roy at caltech.edu
Wed Nov 24 07:57:59 PST 2004
>>On p.7, the paragraph beginning "The order in which words are arranged..."
>>seems like circular reasoning to me. It says the order matters only if the
>>order matters. I think the standard should be clear on this -- does the
>>order matter or not? The text elsewhere suggests yes.
My understanding is that the first word matters because it is the primary type. Each
subsequent word modifies what goes before. Think of a ucd "A; B; C; D" as "((((A) B) C)
D)". For example:
stat.mean; phys.temperature; arith.diff; stat.max
The maximum of the difference of two mean temperatures
stat.mean; phys.temperature; stat.max; arith.diff
The difference of the two maximum temperatures
>>I find Section 3.4 confusing...does anyone else? phot.color is a difference
>>of two magnitudes, but does NOT have the associated word arith.diff.
In this case there is a special semantic concept for the difference of magnitudes, which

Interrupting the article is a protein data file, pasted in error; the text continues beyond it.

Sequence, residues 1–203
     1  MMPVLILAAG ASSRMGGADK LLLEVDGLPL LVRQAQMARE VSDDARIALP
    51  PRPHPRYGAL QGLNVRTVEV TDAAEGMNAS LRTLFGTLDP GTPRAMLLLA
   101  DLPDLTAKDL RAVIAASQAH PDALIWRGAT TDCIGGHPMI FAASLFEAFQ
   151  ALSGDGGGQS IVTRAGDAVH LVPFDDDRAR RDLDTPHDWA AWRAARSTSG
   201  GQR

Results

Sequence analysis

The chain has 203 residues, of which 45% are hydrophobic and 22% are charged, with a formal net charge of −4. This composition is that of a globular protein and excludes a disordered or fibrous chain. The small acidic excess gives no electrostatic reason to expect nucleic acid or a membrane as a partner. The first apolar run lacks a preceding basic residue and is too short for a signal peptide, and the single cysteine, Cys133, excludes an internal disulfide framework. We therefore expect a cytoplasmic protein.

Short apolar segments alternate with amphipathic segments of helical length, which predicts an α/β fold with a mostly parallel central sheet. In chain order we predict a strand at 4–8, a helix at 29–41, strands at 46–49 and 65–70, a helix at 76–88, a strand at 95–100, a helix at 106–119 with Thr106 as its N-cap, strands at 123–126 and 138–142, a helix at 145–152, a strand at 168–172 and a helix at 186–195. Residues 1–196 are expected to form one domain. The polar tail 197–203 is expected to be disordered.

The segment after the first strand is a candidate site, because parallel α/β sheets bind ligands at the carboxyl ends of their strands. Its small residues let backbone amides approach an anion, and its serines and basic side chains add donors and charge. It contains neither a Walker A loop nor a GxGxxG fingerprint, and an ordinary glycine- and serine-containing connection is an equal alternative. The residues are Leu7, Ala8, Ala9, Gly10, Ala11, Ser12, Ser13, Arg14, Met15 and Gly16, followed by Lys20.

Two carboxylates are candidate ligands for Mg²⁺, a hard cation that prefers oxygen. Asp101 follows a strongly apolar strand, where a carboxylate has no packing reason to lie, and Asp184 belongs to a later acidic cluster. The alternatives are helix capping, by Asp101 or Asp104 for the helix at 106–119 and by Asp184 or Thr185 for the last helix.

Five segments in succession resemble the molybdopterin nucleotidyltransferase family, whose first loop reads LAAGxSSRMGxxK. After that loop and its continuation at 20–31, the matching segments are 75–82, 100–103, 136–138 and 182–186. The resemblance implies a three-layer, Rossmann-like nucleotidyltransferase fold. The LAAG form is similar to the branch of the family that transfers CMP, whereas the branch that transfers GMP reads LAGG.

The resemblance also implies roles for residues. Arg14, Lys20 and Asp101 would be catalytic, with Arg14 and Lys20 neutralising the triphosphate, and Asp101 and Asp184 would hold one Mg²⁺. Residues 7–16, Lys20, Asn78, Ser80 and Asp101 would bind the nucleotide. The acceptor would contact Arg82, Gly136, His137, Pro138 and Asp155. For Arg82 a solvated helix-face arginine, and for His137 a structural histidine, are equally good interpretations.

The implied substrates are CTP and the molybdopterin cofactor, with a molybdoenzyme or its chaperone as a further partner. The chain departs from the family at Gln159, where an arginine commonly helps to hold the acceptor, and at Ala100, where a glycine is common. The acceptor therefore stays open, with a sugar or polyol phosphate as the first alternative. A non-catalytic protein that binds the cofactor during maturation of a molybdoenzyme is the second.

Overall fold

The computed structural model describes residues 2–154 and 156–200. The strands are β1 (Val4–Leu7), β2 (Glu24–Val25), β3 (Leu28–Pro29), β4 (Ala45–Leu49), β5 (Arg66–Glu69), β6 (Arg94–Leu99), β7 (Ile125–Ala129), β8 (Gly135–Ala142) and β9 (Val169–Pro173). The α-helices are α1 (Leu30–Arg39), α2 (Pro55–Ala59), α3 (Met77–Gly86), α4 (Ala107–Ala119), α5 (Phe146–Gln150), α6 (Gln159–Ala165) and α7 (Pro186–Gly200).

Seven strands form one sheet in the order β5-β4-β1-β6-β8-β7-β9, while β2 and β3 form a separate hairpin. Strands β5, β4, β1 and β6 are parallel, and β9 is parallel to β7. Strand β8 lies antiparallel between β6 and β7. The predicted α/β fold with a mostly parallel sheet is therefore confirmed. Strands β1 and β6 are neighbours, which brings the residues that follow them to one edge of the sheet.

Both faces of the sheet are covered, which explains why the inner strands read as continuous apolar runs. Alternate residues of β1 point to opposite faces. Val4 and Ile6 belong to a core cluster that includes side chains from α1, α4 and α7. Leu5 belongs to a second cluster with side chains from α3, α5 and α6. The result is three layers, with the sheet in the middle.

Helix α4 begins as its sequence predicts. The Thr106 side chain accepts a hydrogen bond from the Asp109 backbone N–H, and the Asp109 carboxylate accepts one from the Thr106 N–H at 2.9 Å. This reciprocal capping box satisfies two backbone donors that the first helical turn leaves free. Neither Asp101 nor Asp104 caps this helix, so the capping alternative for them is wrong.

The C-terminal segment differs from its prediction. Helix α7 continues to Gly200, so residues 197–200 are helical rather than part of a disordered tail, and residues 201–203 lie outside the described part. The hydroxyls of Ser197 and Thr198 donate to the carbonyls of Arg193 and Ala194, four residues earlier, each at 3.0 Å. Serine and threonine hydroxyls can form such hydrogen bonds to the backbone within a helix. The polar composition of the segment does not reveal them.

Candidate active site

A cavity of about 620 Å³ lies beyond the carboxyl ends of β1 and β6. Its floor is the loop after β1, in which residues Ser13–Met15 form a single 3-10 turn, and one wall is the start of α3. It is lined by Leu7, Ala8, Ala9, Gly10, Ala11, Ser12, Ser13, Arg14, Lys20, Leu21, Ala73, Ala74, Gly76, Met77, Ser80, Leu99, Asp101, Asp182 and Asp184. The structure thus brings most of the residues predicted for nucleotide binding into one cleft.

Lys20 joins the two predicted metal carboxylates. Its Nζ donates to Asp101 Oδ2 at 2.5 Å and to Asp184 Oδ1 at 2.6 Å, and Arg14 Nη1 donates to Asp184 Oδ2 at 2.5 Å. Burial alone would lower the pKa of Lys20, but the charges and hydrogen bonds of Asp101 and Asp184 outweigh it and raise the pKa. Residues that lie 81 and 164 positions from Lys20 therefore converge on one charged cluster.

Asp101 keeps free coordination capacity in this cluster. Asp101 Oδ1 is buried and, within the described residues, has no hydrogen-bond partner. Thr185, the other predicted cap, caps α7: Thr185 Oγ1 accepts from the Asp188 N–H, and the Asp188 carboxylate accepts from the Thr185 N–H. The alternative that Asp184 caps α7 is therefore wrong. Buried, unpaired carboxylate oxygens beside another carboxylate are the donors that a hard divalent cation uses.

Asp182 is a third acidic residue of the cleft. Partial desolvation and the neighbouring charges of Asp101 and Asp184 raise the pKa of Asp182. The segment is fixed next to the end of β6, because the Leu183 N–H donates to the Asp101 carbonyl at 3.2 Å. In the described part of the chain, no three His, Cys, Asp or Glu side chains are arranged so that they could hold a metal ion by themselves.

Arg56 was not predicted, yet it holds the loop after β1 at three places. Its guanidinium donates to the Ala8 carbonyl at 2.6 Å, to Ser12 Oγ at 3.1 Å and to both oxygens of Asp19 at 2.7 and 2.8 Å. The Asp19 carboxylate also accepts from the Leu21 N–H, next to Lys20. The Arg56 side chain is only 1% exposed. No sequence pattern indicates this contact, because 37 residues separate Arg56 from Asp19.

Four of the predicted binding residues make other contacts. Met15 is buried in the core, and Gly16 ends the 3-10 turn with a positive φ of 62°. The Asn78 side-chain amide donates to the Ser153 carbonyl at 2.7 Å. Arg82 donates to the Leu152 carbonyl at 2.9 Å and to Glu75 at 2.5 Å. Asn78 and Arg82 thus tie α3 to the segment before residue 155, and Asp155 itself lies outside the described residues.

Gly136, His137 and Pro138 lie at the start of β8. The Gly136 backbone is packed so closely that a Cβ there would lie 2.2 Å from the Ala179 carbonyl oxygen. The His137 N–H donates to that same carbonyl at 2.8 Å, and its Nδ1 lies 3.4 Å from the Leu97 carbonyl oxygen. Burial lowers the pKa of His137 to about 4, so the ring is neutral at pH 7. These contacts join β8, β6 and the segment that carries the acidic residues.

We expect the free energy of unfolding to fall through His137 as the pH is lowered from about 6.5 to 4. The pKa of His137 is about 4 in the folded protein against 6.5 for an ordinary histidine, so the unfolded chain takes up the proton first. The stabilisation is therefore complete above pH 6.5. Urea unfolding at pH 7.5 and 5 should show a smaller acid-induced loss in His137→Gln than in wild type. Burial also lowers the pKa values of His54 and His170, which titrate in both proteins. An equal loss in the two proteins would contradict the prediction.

is called color. It would be equally correct to say "arith.diff; phot.magnitude", but it
is more efficient to use one word than two.
>> A temperature ratio is not a temperature, so phys.temperature;arith.ratio seems
>> backwards to me.
I agree. This should be "arith.ratio: phys.temperature"
>> If phot.color;em.opt.B;em.opt.V means B-V and phot.color;em.opt.V;em.opt.B
>>means V-B, then order is clearly important. The concern this all raises for
>>me is that the construction rules for new UCDs are not very clear, and that
>>the existing UCD1+s have a certain (large) amount of arbitrariness.
Yes that is true. But not because of the UCD construction, rather because of the word
"color". Perhaps I can ask those mor knowledgeable than myself how exactly color is
defined? If I say "BV color" or "VB color", do they have opposite sign? Or do I rather
subtract the highest wavelength magnitude from the lowest wavelength?
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